Born in Tokyo in 1929, Masaaki Yamada holds a unique position in the history of Japanese Modern Art for his philosophical approach towards abstract painting. Yamada began his career as a self-taught artist amidst the chaos of the postwar society. He left some 5,000 paintings in his lifetime, which are divided into three groups: Still-Life (1948-55), Work (1956-95), and Color (1997-2010).
Starting from his first series Still-Life and gradually disassembling the forms of the still life to its basic components of lines, shapes and colors, Yamada’s work developed in the mid-1950s into his second and most influential series: Work. Featuring motifs such as stripes, crosses and grids, Work demonstrated Yamada’s persistent and experimental perception of composition and color theories. His last period: Color undertook a constant pursuit of the flatness of painting, filling the entire plane with a single shade of color.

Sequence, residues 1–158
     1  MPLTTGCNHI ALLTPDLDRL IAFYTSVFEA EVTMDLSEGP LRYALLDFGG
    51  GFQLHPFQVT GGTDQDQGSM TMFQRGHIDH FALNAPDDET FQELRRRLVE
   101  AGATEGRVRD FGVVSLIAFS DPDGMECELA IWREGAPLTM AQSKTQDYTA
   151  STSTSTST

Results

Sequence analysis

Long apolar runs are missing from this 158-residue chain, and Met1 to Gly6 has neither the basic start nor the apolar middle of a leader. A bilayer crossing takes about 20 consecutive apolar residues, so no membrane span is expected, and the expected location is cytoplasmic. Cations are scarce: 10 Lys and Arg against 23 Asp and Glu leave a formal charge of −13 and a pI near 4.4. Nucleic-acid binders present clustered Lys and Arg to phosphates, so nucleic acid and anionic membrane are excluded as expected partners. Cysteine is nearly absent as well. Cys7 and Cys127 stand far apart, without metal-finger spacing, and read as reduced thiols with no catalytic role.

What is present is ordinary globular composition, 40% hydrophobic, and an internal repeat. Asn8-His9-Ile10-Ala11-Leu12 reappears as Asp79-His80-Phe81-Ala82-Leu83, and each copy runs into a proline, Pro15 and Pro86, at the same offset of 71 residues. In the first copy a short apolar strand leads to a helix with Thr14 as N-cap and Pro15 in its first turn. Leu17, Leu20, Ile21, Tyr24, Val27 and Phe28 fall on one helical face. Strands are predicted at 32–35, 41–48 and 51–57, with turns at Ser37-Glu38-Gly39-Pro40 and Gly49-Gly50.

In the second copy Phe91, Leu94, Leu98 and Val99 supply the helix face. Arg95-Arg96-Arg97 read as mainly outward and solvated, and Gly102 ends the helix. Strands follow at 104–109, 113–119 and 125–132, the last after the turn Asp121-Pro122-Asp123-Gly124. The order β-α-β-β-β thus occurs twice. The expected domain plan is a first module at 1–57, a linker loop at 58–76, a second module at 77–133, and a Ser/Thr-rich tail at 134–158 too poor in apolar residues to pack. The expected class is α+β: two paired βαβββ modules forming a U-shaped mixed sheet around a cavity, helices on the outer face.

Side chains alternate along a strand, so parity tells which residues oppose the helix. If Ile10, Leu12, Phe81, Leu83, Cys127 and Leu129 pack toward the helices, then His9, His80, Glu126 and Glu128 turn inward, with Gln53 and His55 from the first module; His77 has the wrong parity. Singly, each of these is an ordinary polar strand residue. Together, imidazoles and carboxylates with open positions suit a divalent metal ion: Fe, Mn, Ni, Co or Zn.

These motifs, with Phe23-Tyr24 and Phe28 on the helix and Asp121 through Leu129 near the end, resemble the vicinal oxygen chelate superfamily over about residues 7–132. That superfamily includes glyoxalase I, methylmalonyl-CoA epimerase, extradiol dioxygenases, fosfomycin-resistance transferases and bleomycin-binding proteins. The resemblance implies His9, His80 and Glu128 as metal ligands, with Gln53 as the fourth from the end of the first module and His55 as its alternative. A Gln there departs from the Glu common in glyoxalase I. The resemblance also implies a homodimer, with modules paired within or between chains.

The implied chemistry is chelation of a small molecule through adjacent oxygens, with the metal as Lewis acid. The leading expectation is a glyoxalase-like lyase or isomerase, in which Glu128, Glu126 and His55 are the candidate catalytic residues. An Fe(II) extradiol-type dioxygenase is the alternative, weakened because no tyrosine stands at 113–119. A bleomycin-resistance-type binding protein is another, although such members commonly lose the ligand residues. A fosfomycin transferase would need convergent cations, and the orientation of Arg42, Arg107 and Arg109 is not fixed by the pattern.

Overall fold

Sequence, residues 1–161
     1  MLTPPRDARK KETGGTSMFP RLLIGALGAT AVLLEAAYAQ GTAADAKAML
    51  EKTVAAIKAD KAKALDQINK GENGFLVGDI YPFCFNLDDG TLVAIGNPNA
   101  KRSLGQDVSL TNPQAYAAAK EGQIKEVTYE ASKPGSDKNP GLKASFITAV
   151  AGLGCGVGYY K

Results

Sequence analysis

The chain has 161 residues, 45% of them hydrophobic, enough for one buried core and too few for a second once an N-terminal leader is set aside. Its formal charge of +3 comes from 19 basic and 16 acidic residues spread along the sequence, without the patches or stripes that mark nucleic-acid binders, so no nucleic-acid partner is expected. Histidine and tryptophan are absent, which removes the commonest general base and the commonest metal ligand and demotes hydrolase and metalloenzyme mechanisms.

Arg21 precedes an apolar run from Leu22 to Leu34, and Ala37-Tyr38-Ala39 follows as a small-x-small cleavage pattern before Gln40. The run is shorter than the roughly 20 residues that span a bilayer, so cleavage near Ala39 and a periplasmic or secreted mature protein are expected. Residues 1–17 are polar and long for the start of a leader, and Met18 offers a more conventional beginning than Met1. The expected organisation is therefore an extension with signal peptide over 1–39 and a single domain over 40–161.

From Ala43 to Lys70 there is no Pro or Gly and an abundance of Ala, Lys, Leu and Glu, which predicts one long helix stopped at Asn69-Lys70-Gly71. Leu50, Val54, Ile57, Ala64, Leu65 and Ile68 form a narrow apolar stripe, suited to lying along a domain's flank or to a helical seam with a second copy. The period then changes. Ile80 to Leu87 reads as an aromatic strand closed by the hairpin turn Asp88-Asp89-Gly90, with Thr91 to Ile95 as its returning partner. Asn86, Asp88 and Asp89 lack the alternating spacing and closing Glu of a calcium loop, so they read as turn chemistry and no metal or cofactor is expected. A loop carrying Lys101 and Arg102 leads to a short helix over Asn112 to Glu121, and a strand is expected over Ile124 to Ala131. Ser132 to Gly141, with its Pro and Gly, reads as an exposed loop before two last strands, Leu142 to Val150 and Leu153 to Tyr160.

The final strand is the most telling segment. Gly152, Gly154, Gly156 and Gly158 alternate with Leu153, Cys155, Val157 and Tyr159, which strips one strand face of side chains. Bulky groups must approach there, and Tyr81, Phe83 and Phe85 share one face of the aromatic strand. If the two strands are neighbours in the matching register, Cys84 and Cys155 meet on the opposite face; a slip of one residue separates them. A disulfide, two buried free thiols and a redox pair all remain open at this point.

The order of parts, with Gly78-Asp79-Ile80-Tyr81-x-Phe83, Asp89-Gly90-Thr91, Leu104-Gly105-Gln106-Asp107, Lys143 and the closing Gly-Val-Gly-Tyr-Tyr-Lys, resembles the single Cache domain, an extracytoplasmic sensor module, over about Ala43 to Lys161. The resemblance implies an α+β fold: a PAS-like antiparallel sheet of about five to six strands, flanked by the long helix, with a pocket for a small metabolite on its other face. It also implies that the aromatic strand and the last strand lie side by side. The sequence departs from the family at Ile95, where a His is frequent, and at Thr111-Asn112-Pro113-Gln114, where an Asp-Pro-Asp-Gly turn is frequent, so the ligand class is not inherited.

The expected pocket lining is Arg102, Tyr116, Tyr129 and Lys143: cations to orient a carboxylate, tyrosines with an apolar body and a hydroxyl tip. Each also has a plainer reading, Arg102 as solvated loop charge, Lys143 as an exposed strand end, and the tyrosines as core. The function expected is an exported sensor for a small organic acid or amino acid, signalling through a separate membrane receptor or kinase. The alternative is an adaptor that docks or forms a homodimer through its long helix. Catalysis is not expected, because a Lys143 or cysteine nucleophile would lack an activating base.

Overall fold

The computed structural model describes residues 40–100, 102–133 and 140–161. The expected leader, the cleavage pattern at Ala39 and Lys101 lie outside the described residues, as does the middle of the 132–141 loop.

During his life time, Yamada held annual solo exhibitions in Tokyo from 1969 to 1997, and also participated in a number of epoch-making museum exhibitions both at home and abroad, including the Biennale de São Paulo held in 1987. In the years following his death in 2010, his fame continued to rise, and his first large scale retrospectives were held in 2016 at The National Museum of Modern Art in Tokyo and Kyoto.